PEOPLE OF MI V DONVELLE TYRONE NICHOLS (Per Curiam Opinion)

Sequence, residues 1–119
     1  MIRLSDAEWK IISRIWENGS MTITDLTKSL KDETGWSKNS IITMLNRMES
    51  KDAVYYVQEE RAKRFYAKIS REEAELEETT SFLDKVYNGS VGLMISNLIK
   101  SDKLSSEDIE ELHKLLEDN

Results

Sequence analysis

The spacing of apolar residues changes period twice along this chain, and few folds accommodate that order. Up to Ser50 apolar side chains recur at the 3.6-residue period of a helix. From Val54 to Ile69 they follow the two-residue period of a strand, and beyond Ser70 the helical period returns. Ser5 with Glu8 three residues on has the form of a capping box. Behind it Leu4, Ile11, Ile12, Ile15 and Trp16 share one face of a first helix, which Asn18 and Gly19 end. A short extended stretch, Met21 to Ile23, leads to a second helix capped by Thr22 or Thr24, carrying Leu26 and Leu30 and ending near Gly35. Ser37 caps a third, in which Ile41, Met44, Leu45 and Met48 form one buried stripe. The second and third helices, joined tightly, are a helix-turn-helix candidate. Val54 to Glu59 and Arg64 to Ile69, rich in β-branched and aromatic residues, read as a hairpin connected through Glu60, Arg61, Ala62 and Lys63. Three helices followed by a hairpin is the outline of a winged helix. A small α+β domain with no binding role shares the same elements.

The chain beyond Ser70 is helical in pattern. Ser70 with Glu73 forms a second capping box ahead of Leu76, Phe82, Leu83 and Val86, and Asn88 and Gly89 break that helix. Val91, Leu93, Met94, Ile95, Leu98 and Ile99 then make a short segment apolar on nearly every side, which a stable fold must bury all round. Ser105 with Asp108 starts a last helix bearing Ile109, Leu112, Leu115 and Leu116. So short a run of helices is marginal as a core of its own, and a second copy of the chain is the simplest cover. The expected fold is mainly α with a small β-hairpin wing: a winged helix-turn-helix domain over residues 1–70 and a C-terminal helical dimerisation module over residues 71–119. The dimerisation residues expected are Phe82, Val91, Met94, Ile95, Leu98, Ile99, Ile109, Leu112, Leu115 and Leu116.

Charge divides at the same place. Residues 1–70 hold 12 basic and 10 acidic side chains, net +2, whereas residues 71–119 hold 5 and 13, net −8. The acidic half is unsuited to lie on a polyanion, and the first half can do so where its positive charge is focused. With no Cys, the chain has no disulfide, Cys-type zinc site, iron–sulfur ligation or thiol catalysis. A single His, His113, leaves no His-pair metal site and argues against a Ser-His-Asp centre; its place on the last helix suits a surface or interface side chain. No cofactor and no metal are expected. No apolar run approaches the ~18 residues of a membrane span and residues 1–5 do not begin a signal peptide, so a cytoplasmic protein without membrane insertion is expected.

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STATE OF MICHIGAN COURT OF APPEALS PEOPLE OF THE STATE OF MICHIGAN, UNPUBLISHED December 22, 2016 Plaintiff-Appellee, v No. 329240 Oakland Circuit Court LC No. 2014-250463-FH DONVELLE TYRONE NICHOLS, Defendant-Appellant. Before: GADOLA, P.J., and FORT HOOD and RIORDAN, JJ. PER CURIAM. Defendant appeals by leave granted his guilty plea conviction of possession with intent to deliver less than 50 grams of cocaine, MCL 333.7401(2)(a)(iv). The trial court sentenced defendant as a fourth habitual offender, MCL 769.12, to a term of 2 to 20 years’ imprisonment. His appeal challenges only his sentence. We affirm. The trial court sentenced defendant for his current controlled substances conviction as a fourth habitual felony offender, MCL 769.12, which provides for enhanced sentencing for a recidivist offender “[i]f a person has been convicted of any combination of 3 or more felonies[.]” MCL 769.12(1); People v Allen, 499 Mich 307, 315-316; 884 NW2d 548 (2016). To support the habitual offender charge, the trial court relied on defendant’s prior conviction of carrying a concealed weapon, MCL 750.227(3), and his two prior convictions of his second or subsequent offenses of possession of marijuana, MCL 333.7403(2)(d); MCL 333.7413(2). Defendant claims that his prior marijuana possession convictions, which are statutorily designated as misdemeanor offenses, do not constitute felony convictions to support the habitual offender charge. We disagree. We review the imposition of a sentence for an abuse of discretion. People v Underwood, 278 Mich App 334, 337; 750 NW2d 612 (2008). This issue also involves questions of statutory interpretation, which we review de novo. People v Watkins, 491 Mich 450, 466-467; 818 NW2d 296 (2012). Defendant also raises ineffective assistance of counsel, which presents a mixed question of law and fact. People v Trakhtenberg, 493 Mich 38, 47; 826 NW2d 136 (2012). With respect to ineffective assistance of counsel, we review the court’s factual findings for clear error and questions of constitutional law de novo. Id. Because defendant did not move for an evidentiary hearing on his claim of ineffective assistance, our review of that issue is limited to mistakes apparent on the record. People v Cox, 268 Mich App 440, 453; 709 NW2d 152 (2005). -1- Defendant’s prior convictions of his second or subsequent offenses of marijuana possession fall under the Public Health Code, MCL 333.7403(2)(d); MCL 333.7413(2). The Public Health Code expressly designates the offense of possession of marijuana as a misdemeanor punishable by not more than one year imprisonment. MCL 333.7403(2)(d); People v Wyrick, 474 Mich 947; 707 NW2d 188 (2005). Section 7413 of the Public Health Code, however, “articulates particular enhanced punishments for the second or subsequent commission of certain controlled substance offenses.” People v Morris, 450 Mich 316, 332; 537 NW2d 842 (1995). Pertinently, MCL 333.7413(2) “allows sentencing courts to punish repeat drug offenders by doubling the . . . sentence otherwise authorized.”1 People v Davenport, 205 Mich App 399, 401; 522 NW2d 339 (1994). Thus, an offender’s second or subsequent offense of possession of marijuana is punishable by up to two years’ imprisonment. MCL 333.7403(2)(d); MCL 333.7413(2). The habitual offender statutes, MCL 769.10 to 769.13, are part of the Code of Criminal Procedure, MCL 760.1 et seq. The definitions contained in the Code of Criminal Procedure apply only to that Code. People v Smith, 423 Mich 427, 444; 378 NW2d 384 (1985) (opinion by Williams, C.J.). Accordingly, we must look to the definition of “felony” in the Code of Criminal Procedure to determine whether defendant’s prior convictions of his second or subsequent offenses of marijuana possession, punishable for up to two years’ imprisonment under the double penalty provision of MCL 333.7413(2), constitute felony convictions under that Code for purposes of applying the habitual offender statutes. See Smith, 423 Mich at 445. Under MCL 761.1(g), the Code of Criminal Procedure expressly defines “felony” as “a violation of a penal law of this state for which the offender, upon conviction, may be punished by death or by imprisonment for more than 1 year or an offense expressly designated by law to be a felony.” In Smith, our Court construed the definition of felony in MCL 761.1(g) as a clear expression of the Legislature’s intent that “offenses punishable by more than one year of imprisonment be treated as ‘felonies’ throughout the Code of Criminal Procedure,” including for purposes of the habitual offender statutes. Smith, 423 Mich at 445. As such, Smith held that statutorily designated misdemeanors under the Penal Code, punishable by two years’ 1 MCL 333.7413 provides, in pertinent part: (2) Except as otherwise provided in subsections (1) and (3), an individual convicted of a second or subsequent offense under this article may be imprisoned for a term not more than twice the term otherwise authorized or fined an amount not more than twice that otherwise authorized, or both. * * * (5) For purposes of subsection (2), an offense is considered a second or subsequent offense, if, before conviction of the offense, the offender has at any time been convicted under this article or under any statute of the United States or of any state relating to a narcotic drug, marihuana, depressant, stimulant, or hallucinogenic drug. -2- imprisonment, fall under the Code of Criminal Procedure’s definition of felony and qualify as felonies for purposes of the habitual offender statutes. Id. We therefore conclude that defendant’s second or subsequent offenses of possession of marijuana qualify as felonies within the meaning of MCL 761.1(g). That is, defendant’s second or subsequent offenses of possession of marijuana violated MCL 333.7403(2)(d), a penal law,2 for which defendant, “the offender,” upon conviction, could be punished by imprisonment for up to two years because of his status as a repeat drug offender, MCL 333.7413(2). Thus, his second or subsequent offenses of marijuana possession constitute felonies within the meaning of the Code of Criminal Procedure, MCL 761.1(g), including the habitual offender statutes, Smith, 423 Mich at 445, and the trial court did not err in relying on those prior convictions to enhance defendant’s sentence as a fourth habitual offender under MCL 769.12. The clear definition of “felony” under the Code of Criminal Procedure, MCL 761.1(g), rather than the statutory designation of the offense as a misdemeanor in the Public Health Code, is controlling for purposes of applying the habitual offender statutes. We disagree with defendant’s attempt to distinguish Smith from the instant case. Defendant correctly asserts that MCL 333.7413(2) does not create a separate substantive offense under the Public Health Code and merely authorizes the trial court to increase the punishment of a repeat drug offender. Wyrick, 474 Mich at 947. But this has no bearing on the classification of a conviction as a “felony” for purposes of the habitual offender statutes at issue here. As Smith makes clear, the statutory designation of an offense as a “misdemeanor” for purposes of the Public Health Code is irrelevant in determining whether the offense is considered a “felony” for purposes of the habitual offender statutes. Smith, 423 Mich at 445. Instead, we look to the Code of Criminal Procedure’s clear definition of “felony,” MCL 761.1(g), to determine whether an offender’s prior conviction constitutes a felony for purposes of the habitual offender statutes that fall under that Code. Id. at 445. That definition clearly evidences a legislative intent to include as felonies, for purposes of the Code, those “violations of penal law” for which the “offender,” upon conviction, may be punished by imprisonment for more than one year. Id. at 443-445. Thus, for purposes of the habitual offender statutes, the characterization of an offense that is not expressly designated by law to be a felony is dependent on the punishment the offender may receive for the penal violation, and not on the designation of the substantive offense.3 MCL 761.1(g). Defendant’s reliance on Wyrick, 474 Mich at 947, which concerned the definition of “felony” for purposes of the Public Health Code, is misplaced.4 2 A “penal law” is “a statute imposing a penalty for doing that which the statute prohibits or for omitting to do that which the statute requires.” People v Crucible Steel Co, 151 Mich 618, 619620; 115 NW 705 (1908). 3 We further note that under MCL 777.18 of the sentencing guidelines in the Code of Criminal Procedure, a violation of MCL 333.7413(2) (described as “[s]ubsequent controlled substance violations”) is specifically listed as a “felony” to which the sentencing guidelines apply. 4 At issue in Wyrick was the definition of “felony” for purposes of MCL 333.7401(3), the consecutive sentencing provision of the Public Health Code, authorizing the court to impose -3- We also disagree with defendant’s argument that, “if sentence enhancement under MCL 333.7413(2) changed the nature of the underlying crime, there would be a right to jury trial and notice as to the additional element of the crime.” Our courts have held that sentence enhancement under the repeat drug offender provision of the Public Health Code, MCL 333.7413, which merely authorizes an increased penalty, does not create a new offense, and thus, does not entitle a defendant to a trial by jury. Nor is the prosecutor required to charge the prior drug conviction in the information because the prior offense is not an element of a new charge, separate from the offense for which the defendant is charged. People v Eason, 435 Mich 228, 233-234; 458 NW2d 17 (1990). We further disagree with defendant’s argument that his sentence was impermissibly doubly enhanced. While double enhancement of a defendant’s current sentence under both statutes is not permissible, People v Fetterley, 229 Mich App 511, 540; 583 NW2d 199 (1998), the prosecutor in this case did not proceed, nor did the trial court sentence defendant, under both the Public Health Code, as a repeat drug offender, and again under the general habitual offender statutes. Ultimately, the court sentenced defendant only as a fourth habitual offender and his sentenced was enhanced accordingly. Thus, defendant’s reliance on Fetterley is misplaced. Finally, because we find that the trial court properly relied on defendant’s prior convictions of his second or subsequent offenses of marijuana possession to enhance his sentence as a fourth habitual offender, MCL 769.12, defense counsel was not ineffective in advising defendant that those convictions are considered felonies under the habitual offender statutes and in failing to object to defendant’s sentence.5 Because counsel was not required to make a meritless objection or advocate a meritless position, People v Wilson, 252 Mich App 390, 393-394; 652 NW2d 488 (2002), counsel did not render ineffective assistance in this regard. Affirmed. /s/ Michael F. Gadola /s/ Karen M. Fort Hood /s/ Michael J. Riordan consecutive, rather than concurrent, sentences when a defendant is convicted of “another felony.” Wyrick did not involve the definition of “felony” under the Code of Criminal Procedure at issue here. 5 Defendant has a right to the effective assistance of counsel at a plea hearing and sentencing. People v Pubrat, 451 Mich 589, 594; 548 NW2d 595 (1996). “Generally to establish ineffective assistance of counsel, a defendant must show that (1) counsel’s performance fell below an objective standard of reasonableness under professional norms and (2) there is a reasonable probability that, but for counsel’s errors, the result would have been different and the result that did occur was fundamentally unfair or unreliable.” People v Seals, 285 Mich App 1, 17; 776 NW2d 314 (2009). -4-